I believe my best example of peer review is also displayed in my synthesis. As previously mentioned, it was the piece I revised the most, due to comments from peers and classmates. Several people read it several times, helping me to organize it and include the required “sprinkling” of resources.

I believe that my growth as a writer has come in terms of learning the differences between dashes, colons, and semicolons; being able to focus my writing relating to a thesis statement; and being forced to come up with my own essay or writing topics.

I have always been one of those people who can write fairly well, but punctuation was never my greatest area of English. I don’t know how or why, but I never learned the difference between dashes, colons, and semicolons in high school. Finally, I think I get the gist of things. I consider this to be one of my greatest achievements of the semester.

Again, having an effective and narrow thesis statement has really aided my writing process. Now, instead of throwing a bunch of ideas together, I can thoroughly plan what I want to say, how I want to say it, and what I want it all to lead up to. Before I just kind of got lucky relating a few aspects of a topic to each other, whereas now I know what I want to do and how I want to do it. I feel that the best example of this growth is represented by my Do Androids Dream of Electric Sheep? essay and my first analysis critique. The Androids essay was fairly easy to write because I really wanted to discuss Mercerism and religion in the novel. I came up with a clear yet detailed thesis statement, which allowed me to incorporate all the thoughts and views I had established from reading the novel. Knowing exactly what I wanted to write about and having an obvious thesis was a great help! The analysis critique was more difficult to write because it was the first major assignment, but I had a clear view of how all of the stories and photograph related to each other. By compiling these ideas into a solid thesis statement, I was kept right on track and the paper flowed smoothly.

I am sure that we all have never really had to come up with our own essay topics. Usually the teacher just throws some ridiculous theme our way and expects us to churn out a book or a masterpiece. I really enjoyed coming up with my own ideas and finding different relationships or viewpoints present within novels and the textbook. We were allowed to be creative and were encouraged to write about what interested us most. I could write about the most outrageous or ridiculous topic I wished, as long as it related to the assignment. My second analysis critique seemed pretty far out there for some because the chapter in the book revolved around icons, while I spoke about politics. However, I saw a clear connection between the stories and ran with it. If I would have had to write specifically on icons, who knows what would have happened. The 1-page response involving art and Dick’s novel seemed completely obvious to me. It was somewhat hidden and subtle, but I noticed it as a complete oddity. Because I was allowed to come up with my own topic, I could further research and develop this relationship.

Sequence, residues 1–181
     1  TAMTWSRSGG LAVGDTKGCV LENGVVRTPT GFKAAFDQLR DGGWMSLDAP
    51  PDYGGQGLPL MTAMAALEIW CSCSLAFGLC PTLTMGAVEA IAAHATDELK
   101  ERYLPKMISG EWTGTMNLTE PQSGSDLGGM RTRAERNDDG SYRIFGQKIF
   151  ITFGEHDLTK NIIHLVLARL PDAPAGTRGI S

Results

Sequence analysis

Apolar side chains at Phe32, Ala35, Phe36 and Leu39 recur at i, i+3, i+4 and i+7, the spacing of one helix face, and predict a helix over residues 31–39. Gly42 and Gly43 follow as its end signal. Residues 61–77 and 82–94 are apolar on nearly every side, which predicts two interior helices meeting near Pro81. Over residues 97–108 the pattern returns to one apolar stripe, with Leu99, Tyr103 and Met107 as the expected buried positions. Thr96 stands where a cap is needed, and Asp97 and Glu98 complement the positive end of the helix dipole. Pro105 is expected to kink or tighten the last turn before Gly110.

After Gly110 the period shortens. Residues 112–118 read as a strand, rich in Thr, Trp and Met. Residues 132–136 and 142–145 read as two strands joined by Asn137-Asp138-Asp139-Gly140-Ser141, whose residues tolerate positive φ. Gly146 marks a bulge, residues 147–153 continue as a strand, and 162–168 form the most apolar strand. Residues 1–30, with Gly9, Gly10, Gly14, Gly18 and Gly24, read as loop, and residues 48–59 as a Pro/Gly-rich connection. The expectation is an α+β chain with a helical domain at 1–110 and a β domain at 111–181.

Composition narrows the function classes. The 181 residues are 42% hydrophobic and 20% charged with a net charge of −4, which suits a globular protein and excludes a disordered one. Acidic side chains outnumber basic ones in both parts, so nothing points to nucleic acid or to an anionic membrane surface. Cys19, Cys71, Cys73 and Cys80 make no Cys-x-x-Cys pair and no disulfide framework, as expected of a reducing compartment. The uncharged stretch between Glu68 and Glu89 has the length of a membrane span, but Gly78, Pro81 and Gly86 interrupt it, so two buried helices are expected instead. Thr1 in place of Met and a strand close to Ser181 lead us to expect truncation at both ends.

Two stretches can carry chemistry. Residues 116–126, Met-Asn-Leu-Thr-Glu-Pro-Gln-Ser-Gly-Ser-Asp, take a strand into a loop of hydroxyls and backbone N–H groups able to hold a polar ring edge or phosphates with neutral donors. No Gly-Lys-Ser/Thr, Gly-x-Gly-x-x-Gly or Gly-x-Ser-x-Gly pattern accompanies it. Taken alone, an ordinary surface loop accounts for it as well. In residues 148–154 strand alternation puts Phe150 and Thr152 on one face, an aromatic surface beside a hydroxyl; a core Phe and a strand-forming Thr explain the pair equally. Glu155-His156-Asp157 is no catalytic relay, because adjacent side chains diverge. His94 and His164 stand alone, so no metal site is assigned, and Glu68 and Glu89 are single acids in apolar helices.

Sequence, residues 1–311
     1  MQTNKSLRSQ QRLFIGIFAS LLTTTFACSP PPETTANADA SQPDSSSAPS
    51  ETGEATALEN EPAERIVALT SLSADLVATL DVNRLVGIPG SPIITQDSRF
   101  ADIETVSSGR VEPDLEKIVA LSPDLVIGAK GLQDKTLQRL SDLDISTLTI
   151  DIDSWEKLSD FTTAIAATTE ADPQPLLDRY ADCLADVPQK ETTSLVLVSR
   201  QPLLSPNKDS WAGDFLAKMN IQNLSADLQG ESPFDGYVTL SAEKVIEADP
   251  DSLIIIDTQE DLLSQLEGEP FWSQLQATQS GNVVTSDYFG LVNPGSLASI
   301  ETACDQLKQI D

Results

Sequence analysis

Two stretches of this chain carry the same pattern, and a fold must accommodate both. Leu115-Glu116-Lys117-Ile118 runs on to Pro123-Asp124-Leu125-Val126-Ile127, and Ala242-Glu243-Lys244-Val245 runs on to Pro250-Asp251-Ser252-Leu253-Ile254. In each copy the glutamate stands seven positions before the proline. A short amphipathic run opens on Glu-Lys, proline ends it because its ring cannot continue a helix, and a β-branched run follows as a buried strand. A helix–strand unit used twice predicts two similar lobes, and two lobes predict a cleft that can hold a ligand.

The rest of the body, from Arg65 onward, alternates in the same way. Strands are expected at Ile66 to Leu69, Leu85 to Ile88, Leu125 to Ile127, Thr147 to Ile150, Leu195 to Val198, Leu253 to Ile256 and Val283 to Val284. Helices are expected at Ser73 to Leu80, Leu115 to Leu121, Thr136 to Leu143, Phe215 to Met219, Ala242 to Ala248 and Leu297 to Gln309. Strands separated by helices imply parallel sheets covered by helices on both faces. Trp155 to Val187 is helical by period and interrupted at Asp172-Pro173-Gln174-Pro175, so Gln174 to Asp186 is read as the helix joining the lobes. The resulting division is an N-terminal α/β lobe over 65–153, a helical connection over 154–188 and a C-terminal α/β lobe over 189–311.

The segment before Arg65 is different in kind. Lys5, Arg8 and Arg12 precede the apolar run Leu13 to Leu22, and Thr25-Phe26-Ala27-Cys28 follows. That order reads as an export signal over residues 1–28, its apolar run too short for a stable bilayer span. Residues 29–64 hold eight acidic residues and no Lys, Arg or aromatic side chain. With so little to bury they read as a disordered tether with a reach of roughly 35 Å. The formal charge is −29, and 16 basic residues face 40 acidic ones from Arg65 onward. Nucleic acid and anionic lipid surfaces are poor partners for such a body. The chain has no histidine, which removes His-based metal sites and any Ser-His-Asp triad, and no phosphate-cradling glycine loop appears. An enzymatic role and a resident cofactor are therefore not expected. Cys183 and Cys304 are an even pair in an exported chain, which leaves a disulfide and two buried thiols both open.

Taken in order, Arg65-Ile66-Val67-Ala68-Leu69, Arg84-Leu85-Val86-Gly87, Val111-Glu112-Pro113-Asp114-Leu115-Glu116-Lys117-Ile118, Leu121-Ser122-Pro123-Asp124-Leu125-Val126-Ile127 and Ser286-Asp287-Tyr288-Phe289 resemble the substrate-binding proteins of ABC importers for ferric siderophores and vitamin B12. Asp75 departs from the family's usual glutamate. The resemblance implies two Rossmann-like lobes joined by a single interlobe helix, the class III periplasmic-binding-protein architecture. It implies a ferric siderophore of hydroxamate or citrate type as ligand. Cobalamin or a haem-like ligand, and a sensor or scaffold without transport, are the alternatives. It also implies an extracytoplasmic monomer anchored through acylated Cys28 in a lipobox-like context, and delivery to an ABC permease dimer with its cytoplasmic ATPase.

Pieces I'm Proud of
I believe that the pieces I am most proud of are my research paper and my final synthesis. Because I put so much time and effort and passion into each of these papers, I believe that they are the works that really helped me to grow. The research paper was totally up my alley because I got to write about something that completely captivated me. The synthesis pretty much speaks for itself. After five drafts and numerous comments, I finally got this puppy over with. It was really hard for me, but I managed to stick it through and revise to the best of my ability. These may not be my best pieces, but they certainly took the most time.

Final Reflection

This has been a great semester and I am glad that I did not chicken out, dropping yet another class because I am a total pansy. I really enjoyed writing many of the papers--the research assignment evoking some pretty strong feelings and allowing me to vent a little. I love being creative and writing what I feel, and this is where I hope to take my writing. Literature is great and all, and I love critiquing different novels and stories, but I really love writing about things that spark my fire like talk shows, society, the future, and history. Arguing has always been my strong suit, so I guess I should take some sort of persuasive or argumentation course to further develop my ideas and strategies (I have heard about the argumentation IGETC course on campus—no way). I know that I tended to be one heck of a pessimistic person all semester, but I really do have a passion for life and I really do love talk shows and some reality TV (surprise, surprise!). As Jerry Springer leaves with a final thought, so will I: English isn’t bad once it’s over. Sure it was hard, but it was fun. I am really proud of everything I have written and look forward to more research papers—not!